d.tools: Reflective Physical Prototyping

d.tools: Reflective Physical Prototyping


This video introduces D-Tools, a tool that
enables rapid and reflective prototyping of physical user interfaces. As computing leaves
our desktops and enters out world, the number of use of interfaces with novel, physical
form factors and advanced sensor input is growing quickly. D.Tools is the first system that offers integrated
support for designing, testing and analyzing early prototypes that bridge the world of
bits and atoms. The following scenario shows how designers can rapidly build and evaluate
with D.Tools. Sam is an interaction designer who wants to
create a novel map navigation interface for a handheld GPS device based on orientation
sensors. He connects a small LCD screen for display and an accelerometer to the D.Tools
hardware interface kit. As he plugs in physical components, virtual counterparts appear in
the D.Tools authoring environment on his PC. Sam then authors interactions by creating
visual states, which encapsulate output and linking them through transitions which get
triggered by hardware input events. In this example, Sam is authoring map zooming through
button presses. To help his work with analog sensors, Sam
can author transitions by demonstrating them in physical space. Here, he is setting thresholds
for an accelerometer by tilting it and setting limits in the live data view, using the keyboard.
At any point, he can try out his interaction model by using the attached hardware inputs.
Or by simulating such hardware input on the PC. After trying out some initial interaction
ideas, Sam designs a more durable prototype to test different interactions with office
mates and users. To increase the realism of the test, he asks Jim, a programmer’s office,
to add navigation of a live map database. Jim attaches a few lines of Java to different
states in order to remote control the Google Maps application. This is an example of how d.tools can be used
to create mash up prototypes, an approach that is becoming increasingly common. In test mode, d.tools records all user interactions
with the prototype . Simultaneously recording a timed synchronized video stream of the users
interaction with the device. The video is automatically structured through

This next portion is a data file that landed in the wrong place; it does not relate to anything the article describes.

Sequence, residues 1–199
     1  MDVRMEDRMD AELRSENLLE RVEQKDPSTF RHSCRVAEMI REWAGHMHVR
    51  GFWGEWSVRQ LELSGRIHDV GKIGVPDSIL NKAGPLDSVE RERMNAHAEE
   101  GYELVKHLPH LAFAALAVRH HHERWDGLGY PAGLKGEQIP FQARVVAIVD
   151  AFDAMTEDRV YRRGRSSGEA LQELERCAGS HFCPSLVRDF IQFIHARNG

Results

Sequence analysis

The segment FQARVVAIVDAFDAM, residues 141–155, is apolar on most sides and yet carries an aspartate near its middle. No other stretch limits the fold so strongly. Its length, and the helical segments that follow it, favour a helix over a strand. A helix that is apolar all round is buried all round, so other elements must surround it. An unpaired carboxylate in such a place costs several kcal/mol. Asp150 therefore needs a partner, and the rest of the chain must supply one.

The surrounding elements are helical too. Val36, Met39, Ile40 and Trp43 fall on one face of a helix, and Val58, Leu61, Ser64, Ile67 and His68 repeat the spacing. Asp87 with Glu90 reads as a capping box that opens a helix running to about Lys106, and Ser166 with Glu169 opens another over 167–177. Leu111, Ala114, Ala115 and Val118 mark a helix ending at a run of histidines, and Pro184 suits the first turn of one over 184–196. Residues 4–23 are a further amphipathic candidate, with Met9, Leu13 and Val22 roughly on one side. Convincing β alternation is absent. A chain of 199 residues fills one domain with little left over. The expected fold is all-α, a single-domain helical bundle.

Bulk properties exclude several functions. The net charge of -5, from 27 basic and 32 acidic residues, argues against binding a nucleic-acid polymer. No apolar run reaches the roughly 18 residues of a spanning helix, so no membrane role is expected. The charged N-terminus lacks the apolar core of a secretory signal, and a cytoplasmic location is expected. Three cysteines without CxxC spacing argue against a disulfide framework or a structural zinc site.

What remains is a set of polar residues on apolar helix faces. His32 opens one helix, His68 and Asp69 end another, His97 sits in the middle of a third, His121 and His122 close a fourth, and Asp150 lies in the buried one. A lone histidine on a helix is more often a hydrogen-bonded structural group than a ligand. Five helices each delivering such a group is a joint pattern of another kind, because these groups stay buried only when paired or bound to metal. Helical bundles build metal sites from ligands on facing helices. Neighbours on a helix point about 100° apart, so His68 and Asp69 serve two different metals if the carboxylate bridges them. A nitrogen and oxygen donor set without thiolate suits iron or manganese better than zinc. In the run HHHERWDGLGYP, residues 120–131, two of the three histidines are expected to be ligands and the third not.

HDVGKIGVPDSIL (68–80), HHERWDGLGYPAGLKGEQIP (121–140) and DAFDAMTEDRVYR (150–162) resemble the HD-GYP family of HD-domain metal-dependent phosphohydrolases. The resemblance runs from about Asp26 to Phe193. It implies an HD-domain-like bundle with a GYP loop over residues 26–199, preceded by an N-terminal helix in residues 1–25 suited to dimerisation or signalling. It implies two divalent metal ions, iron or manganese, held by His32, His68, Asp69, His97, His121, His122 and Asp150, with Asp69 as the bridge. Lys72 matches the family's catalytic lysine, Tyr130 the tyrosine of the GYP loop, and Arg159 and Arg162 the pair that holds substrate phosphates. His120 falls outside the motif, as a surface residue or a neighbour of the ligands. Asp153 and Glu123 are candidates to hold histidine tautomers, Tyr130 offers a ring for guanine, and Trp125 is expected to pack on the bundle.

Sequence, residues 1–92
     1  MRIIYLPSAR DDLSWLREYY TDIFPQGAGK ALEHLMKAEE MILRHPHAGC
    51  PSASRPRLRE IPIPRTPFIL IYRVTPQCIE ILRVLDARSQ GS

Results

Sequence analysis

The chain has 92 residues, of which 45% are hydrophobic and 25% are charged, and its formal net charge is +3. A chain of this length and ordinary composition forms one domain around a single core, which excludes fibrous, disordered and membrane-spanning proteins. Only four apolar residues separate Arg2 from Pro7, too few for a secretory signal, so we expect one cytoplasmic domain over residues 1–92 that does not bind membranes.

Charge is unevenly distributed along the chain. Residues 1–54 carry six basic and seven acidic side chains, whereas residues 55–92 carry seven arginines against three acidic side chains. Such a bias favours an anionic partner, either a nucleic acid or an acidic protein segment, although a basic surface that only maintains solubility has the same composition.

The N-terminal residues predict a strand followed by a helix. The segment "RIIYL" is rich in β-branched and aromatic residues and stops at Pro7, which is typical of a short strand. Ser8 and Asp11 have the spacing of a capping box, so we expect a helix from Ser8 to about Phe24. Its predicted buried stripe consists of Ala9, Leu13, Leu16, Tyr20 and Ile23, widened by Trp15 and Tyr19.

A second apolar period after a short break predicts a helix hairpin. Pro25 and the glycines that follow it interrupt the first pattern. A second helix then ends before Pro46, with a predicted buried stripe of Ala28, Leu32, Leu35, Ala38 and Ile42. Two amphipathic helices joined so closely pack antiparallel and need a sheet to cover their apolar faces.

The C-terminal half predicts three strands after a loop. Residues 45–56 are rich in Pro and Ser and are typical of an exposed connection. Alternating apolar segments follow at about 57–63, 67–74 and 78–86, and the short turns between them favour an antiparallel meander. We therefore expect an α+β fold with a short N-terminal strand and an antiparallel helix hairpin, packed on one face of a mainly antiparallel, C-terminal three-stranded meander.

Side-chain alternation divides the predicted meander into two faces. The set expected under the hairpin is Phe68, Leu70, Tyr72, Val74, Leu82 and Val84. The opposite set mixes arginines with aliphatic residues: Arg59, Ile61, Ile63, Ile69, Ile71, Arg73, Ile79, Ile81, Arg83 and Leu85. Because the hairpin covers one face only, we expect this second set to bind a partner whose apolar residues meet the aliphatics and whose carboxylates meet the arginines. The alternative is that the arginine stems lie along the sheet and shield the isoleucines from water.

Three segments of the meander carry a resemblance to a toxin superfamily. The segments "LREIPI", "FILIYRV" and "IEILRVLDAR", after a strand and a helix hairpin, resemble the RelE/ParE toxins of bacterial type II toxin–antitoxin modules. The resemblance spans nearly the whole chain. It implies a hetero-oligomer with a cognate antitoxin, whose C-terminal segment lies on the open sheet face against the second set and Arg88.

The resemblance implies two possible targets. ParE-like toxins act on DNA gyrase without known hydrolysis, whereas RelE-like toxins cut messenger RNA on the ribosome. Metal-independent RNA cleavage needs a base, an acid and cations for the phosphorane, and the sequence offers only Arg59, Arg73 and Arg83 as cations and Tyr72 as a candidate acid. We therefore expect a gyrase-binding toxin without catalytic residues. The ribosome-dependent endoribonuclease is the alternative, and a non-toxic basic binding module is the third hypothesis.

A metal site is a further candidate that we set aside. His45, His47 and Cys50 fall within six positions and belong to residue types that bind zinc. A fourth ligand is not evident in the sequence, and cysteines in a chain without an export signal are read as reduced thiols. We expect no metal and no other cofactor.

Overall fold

state transitions and input events. During the test, the designer can also annotate segments
of the video for later review. Switching from test to analyze mode, Sam sees
an overview of the interaction model during the last test. This aggregate view shows which
transitions were taken most frequently, and which ones were never reached during the test. In analyze mode, the state chart is synchronized
with the video interface, allowing our designers to replay the user’s interactions and parallel
with the video Visualize time-line events as they appear in the state chart, and quickly
jump to video of particular states, both through the state chart and through the physical prototype.
Multiple categories can be selected, allowing a designer to pinpoint at particular interaction
by replaying it on the device. Multiple test sessions can be combined into
a video spreadsheet, which can be used for rapid, comparative evaluation. Individual
clips can be played simultaneously. Clips can also be triggered by clicking on the corresponding
event on the time-line. Additionally, clicking on a column plays a single category for comparison
across all users. We employed three different methods to understand
the interaction and architectural approaches embodied in D Tools. We evaluated the threshold
with the first-use study with 13 participants. The ceiling through rebuilding prototypes
for existing and emerging devices and naturalistic use through longitudinal deployment in an
HCI class. Projects build with d.tools by students and
authors include a digital camera interface with a large number of buttons to navigate
images and menus on a color LCD screen, a sensing PDA that can detect portrait and landscape
mode, scroll by tilting the and plays voice memos when held up to the face. A color mixing
interface where children can pour color from tangible buckets onto an LCD screen and then
use that color in a painting application. Tangible drawers that offer access to personal
data on an interactive multi-user table. We have released d-tools to the design community
as open source

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